The Royal Courts of Justice in London, where the court of appeal is based Val Pollard

The Prevent duty legally binds universities to curbing on-campus radicalisation as part of the UK’s counter-terror legislation strategy. Yesterday, the court of appeal found the government’s guidance to universities on carrying out the duty to be unlawful.

The ruling argued that the guidance does not sufficiently inform universities of their duty to ensure freedom of speech.

The judicial review focused on paragraph 11 of the Prevent duty guidance to higher education institutions in England and Wales published in 2015, which says that universities should not allow events featuring external speakers to proceed “if the views being expressed, or likely to be expressed, constitute extremist views that risk drawing people into terrorism or are shared by terrorist groups”, unless this risk can be “fully mitigated”.

The judges ruled that the section’s “trenchant” language “is not only intended to frame the decision of [universities] on the topic in question, it is likely to do so”.

They called for the government to introduce “balanced guidance” in its place.

The appeal was brought to the court by Dr Salman Butt, a Muslim writer who had been deemed an extremist speaker under Prevent. In a Downing Street press release concerning Prevent duty guidance, Dr Butt was said to be “on record as expressing views contrary to British values”.

Dr Butt’s claim that the guidance was infringing upon free speech had previously been rejected by the high court.

The Prevent duty, first rolled out in 2016, has been subject to widespread scrutiny in Cambridge, receiving particular criticism for its potential impact upon freedom of speech.

In November 2017, the University was criticised in an open letter signed by over 500 people after it intervened in a Cambridge University Palestine Society and Cambridge Middle East Society panel discussion on the Israeli-Palestine conflict. The University replaced SOAS academic Dr Ruba Salih as panel chair with the University’s director of communications, for which it apologised three months later.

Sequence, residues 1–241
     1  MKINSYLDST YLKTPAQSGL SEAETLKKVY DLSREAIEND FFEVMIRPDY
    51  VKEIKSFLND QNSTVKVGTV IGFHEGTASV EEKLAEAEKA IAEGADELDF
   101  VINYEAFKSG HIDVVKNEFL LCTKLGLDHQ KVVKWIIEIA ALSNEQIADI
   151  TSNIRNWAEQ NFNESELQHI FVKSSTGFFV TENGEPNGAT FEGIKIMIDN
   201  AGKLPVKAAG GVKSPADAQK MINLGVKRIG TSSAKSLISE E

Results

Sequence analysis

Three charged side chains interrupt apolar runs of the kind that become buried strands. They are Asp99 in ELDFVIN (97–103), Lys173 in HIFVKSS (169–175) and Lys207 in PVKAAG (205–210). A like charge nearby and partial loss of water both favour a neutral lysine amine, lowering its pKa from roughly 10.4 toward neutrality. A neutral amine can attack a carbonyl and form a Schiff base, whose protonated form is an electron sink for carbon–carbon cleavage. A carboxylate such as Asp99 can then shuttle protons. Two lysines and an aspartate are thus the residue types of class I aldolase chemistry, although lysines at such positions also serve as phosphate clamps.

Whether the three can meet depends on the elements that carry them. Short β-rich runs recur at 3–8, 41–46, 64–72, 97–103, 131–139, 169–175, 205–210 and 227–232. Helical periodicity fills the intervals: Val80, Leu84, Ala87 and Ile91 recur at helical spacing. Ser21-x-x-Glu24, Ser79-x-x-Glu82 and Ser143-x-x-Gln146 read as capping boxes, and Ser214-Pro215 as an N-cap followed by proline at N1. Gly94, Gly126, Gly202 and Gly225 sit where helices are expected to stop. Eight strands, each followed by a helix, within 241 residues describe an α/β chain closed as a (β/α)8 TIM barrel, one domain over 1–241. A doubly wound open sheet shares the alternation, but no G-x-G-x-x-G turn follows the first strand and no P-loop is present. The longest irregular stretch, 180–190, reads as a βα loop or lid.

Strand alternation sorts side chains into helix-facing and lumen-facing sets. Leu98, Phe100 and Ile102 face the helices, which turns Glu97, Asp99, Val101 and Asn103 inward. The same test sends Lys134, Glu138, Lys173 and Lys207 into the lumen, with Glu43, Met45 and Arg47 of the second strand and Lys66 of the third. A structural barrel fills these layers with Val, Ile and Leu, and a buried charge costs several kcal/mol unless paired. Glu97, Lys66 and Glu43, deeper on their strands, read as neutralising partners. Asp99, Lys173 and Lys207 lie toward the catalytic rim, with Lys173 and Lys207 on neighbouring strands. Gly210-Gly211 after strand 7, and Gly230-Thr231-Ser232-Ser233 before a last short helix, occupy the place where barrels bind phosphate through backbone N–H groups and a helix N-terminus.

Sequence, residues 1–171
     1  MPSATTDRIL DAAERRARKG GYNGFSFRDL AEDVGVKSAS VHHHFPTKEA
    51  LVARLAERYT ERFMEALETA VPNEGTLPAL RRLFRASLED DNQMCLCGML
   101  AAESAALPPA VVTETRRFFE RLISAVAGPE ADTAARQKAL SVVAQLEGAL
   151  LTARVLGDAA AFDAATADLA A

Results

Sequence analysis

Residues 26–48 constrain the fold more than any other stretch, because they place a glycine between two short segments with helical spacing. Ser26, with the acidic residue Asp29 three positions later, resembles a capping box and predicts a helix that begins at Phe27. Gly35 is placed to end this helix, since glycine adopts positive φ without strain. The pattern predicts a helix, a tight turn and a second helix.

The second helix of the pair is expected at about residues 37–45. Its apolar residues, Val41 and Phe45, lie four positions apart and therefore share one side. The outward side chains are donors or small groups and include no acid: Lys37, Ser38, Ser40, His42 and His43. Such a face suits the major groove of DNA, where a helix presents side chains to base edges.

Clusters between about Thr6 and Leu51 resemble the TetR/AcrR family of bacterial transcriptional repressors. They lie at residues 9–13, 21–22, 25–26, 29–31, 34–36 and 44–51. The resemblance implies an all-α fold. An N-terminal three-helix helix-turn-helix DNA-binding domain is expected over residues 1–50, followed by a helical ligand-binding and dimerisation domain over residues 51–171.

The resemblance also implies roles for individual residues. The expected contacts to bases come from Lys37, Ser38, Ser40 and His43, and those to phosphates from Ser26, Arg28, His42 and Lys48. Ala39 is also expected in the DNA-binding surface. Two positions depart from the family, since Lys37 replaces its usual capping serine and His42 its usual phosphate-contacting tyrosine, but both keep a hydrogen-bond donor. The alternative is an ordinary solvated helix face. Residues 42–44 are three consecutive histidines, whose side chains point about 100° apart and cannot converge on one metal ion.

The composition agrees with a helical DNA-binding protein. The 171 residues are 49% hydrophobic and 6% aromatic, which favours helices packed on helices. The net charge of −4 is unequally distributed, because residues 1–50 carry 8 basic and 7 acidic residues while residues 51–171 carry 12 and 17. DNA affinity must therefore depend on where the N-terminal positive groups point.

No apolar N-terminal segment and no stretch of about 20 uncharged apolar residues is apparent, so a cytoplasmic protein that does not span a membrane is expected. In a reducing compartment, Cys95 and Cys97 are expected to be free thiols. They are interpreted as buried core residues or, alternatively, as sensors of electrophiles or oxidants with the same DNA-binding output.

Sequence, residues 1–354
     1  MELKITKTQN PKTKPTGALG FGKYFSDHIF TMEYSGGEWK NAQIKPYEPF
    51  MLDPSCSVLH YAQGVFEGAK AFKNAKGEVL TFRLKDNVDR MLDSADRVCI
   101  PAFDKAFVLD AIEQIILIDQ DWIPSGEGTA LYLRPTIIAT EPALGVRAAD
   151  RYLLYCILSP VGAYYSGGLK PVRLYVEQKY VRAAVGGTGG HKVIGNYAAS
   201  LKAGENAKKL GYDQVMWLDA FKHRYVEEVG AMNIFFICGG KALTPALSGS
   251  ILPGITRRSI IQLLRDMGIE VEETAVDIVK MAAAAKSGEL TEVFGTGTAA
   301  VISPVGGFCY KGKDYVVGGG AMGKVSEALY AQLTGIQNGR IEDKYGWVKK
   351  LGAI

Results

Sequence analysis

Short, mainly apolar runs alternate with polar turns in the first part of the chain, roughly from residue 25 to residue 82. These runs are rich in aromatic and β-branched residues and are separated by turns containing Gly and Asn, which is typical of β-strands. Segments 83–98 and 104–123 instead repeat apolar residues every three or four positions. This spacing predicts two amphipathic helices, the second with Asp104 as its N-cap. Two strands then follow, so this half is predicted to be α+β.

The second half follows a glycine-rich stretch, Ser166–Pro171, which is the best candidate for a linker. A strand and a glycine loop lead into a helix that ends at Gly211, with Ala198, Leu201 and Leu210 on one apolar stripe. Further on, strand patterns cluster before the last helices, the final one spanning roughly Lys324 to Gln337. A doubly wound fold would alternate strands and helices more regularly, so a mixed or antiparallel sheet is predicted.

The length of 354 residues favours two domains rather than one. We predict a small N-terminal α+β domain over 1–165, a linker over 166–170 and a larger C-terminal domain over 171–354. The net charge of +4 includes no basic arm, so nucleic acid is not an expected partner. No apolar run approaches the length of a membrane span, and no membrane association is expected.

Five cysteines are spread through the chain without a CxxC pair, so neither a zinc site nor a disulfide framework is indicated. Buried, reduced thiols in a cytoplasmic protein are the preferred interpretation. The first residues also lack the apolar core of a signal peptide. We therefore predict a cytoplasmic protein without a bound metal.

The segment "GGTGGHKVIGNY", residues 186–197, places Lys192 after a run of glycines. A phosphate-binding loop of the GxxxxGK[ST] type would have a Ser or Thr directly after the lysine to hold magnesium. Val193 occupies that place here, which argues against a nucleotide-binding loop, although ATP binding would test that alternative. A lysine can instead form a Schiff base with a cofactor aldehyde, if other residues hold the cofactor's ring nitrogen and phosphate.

The then CUSU President Daisy Eyre deemed this “an instance of the insidious power of Prevent legislation.”

A Varsity investigation in April 2017 revealed the extent to which Muslim students are impacted by Prevent, with one Muslim student commenting that they “self-censor” their work and another explaining how they feel the need to “be the good Muslim all the time.” A Varsity investigation in January this year revealed the vastly divergent approaches colleges gave to submitting student welfare data to the Office for Students’ controversial Prevent return.


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The University has previously said that it seeks to “take the lightest possible touch” with regards to the counter-terror strategy.

Security Minister Ben Wallace announced in January that the Prevent strategy will see an independent review.

On yesterday’s decision, a Home Office spokeswoman commented that it would “consider the implications of the court’s judgment relating to a single paragraph of Prevent duty guidance for universities.”

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